Understanding Part C Costs

Medicare Advantage (Part C) plans have premium and out-of-pocket costs to consider. While some Advantage plans have $0 premiums or even pay your Part B premium, all have out-of-pocket costs.[1]

Generally speaking, you’ll pay a premium, owe copays and coinsurance, and want to think about your deductible and maximum with a health plan. Then, if your plan has a drug plan you’ll want to think about coverage phases and formulary tiers.

The costs and cost-impacting factors below be considered before enrolling in a Medicare Advantage plan.

Medicare Advantage Premium Costs

Below are premium costs you may see when browsing Part C plans:

Part C premium: If the plan charges a premium for Part C. Some Advantage plans charge a premium, others offer a $0 premium. The Part C premium is paid in addition to your Part B premium.

Part B premium: Some plans will cover part or all of your Part B premium. This may be labeled as a “Part B reduction.”

Part D premium: Advantage plans with drug plans may charge a part D premium. You may see this broken down as Part D basic, Part D supplemental, and Part D total premium. The supplemental premium is an extra amount that may be charged for plans with enhanced benefits.

Part C + D Premium: The total amount of premium you’ll pay ignoring Part B reductions.

Total premium (B+ C + D): Your total premium is simply the sum of your Part B premium you’ll owe under the plan after any Part B reduction is applied, your Part C premium, and your total Part D premium.

Medicare Advantage Health Plan Out-of-Pocket Costs and Other Costs

A plan may have out-of-pocket costs for the health plan portion and if it has drug coverage for the drug plan portion. Let’s cover the health plan costs first:

Health plan Deductible: the amount you pay before your plan’s cost-sharing kicks in.

Maximum Out-of-pocket limit (MOOP): The Maximum you can spend out-of-pocket on covered services in an annual period. This is the most you can pay for Part A and Part B services, and some plans apply this to other benefits like vision, hearing, and dental as well.

Copayments and Coinsurance: Most benefits, from doctor’s visits, to hearing aids, to hospital stays, have associated copays or coinsurance amounts. These may differ between a specialist and non-specialist and may differ between in-network and out-of-network.

Plan Type: Your plan type can impact your costs. MSA plans, PFFS plans, PPO plans, and HMO plans deal with costs in different ways, and some people may find one style fits their needs best.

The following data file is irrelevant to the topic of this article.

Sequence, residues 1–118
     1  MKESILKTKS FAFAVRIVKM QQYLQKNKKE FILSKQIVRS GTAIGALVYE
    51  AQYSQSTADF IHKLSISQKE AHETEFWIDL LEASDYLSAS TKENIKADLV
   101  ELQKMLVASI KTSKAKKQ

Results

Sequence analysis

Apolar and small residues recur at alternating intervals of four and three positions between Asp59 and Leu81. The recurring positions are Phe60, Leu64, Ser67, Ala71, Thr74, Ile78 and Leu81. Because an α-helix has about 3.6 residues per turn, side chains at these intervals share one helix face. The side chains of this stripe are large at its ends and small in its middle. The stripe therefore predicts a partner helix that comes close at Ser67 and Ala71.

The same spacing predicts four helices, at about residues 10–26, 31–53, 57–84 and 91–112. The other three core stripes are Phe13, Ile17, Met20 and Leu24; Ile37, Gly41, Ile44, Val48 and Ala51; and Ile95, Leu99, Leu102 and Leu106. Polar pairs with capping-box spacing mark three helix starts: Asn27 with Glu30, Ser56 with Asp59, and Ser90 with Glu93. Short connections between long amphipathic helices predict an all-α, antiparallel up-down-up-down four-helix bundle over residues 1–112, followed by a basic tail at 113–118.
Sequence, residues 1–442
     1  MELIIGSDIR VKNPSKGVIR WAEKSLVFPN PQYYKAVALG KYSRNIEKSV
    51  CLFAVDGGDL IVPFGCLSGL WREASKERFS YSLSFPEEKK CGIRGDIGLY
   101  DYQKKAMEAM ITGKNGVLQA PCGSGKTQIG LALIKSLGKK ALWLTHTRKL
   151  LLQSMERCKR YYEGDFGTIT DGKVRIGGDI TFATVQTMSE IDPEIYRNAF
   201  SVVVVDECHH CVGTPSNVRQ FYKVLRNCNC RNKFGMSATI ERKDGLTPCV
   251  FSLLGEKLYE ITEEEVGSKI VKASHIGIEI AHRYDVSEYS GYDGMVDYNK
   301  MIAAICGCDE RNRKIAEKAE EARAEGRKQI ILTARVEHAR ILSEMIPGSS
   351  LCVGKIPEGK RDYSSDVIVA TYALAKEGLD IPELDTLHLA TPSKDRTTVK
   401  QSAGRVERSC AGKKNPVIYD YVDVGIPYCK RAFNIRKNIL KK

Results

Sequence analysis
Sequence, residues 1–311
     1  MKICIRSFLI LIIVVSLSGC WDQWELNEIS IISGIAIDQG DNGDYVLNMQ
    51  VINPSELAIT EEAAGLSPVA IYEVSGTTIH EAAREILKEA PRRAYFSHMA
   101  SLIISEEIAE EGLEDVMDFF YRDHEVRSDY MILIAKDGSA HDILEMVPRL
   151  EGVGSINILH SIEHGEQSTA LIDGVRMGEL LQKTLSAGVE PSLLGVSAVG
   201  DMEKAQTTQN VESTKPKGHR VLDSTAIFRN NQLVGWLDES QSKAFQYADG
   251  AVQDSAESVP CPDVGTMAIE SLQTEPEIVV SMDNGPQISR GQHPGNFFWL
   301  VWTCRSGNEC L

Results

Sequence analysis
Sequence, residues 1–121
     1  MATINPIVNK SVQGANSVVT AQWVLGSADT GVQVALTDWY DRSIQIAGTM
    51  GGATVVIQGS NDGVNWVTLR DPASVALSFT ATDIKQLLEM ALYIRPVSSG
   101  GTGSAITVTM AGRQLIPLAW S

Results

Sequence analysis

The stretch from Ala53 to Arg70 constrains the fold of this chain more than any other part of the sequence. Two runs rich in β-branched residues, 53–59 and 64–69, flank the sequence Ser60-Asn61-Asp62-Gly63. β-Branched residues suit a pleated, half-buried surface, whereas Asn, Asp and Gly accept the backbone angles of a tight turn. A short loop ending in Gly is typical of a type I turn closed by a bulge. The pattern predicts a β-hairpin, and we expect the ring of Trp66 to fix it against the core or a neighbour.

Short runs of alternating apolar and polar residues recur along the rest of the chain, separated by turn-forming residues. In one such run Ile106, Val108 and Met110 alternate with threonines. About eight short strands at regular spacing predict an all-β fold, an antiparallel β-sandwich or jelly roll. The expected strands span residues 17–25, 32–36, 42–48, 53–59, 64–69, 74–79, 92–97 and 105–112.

Optional benefits: Some plans charge a premium and copayments/coinsurance for optional benefits packages (for example for dental, vision, hearing coverage).

Medicaid and Cost Adjustments: If you have Medicaid and/or meet certain criteria for wealth and income what you pay may be adjusted. In general, if you are low-income you can get additional costs covered (for example with Low Income Subsidies LIS) and if you are high income you may pay more for things like the Part B premium (although this isn’t paid to your plan provider).

Medicare Advantage Plan Drug Plan Out-of-Pocket Costs

The drug plan portion of your Advantage plan has its own unique cost-sharing to consider. The main thing going on with Part D cost-sharing is that there are multiple phases and each phase has different cost-sharing for different tired drugs. It works like this:

Part D Copayments and Coinsurance (Drug Tiers): In each Part D phase you’ll pay different amounts for each tiered drug. Each plan may have a different number of drug tiers and different amounts of them, but typically you’ll see 3 -5 tiers with generics being cheapest and specialty drugs being the most expensive.

Part D Annual Drug Deductible: Your deductible is the limit you have to reach on spending for covered drugs until you reach the deductible limit and enter the initial coverage phase. In the deductible phase cost-sharing isn’t going to be very generous, so keep this in mind when shopping for plans.

Part D Standard Initial Coverage Limit: The initial coverage limit is the limit you have to reach on spending for covered drugs until you enter the coverage gap phase (on most plans; some plans skip the coverage gap phase and go directly to the catastrophic coverage phase). Unless you spend a lot on drugs, the bulk of your spending is likely to happen in this phase on most plans, so keep the cost-sharing in this phase in mind.

Part D Coverage Gap limit (Catastrophic Coverage Threshold): Once you hit the plan’s coverage gap limit (AKA catastrophic coverage threshold) you exit the coverage gap phase and enter a catastrophic coverage phase. Please note that not all plans have a coverage gap phase and some plans provide additional gap coverage, this typically lowers out-of-pocket costs but results in a higher premium.

TIP: Once you are enrolled in a plan, make sure to review your “Evidence of Coverage” (EOC)¬†and “Annual Notice of Change” (ANOC) each year to make sure your plan still fits your needs.

Citations

  1. Costs for Medicare Advantage Plans. Medicare.Gov.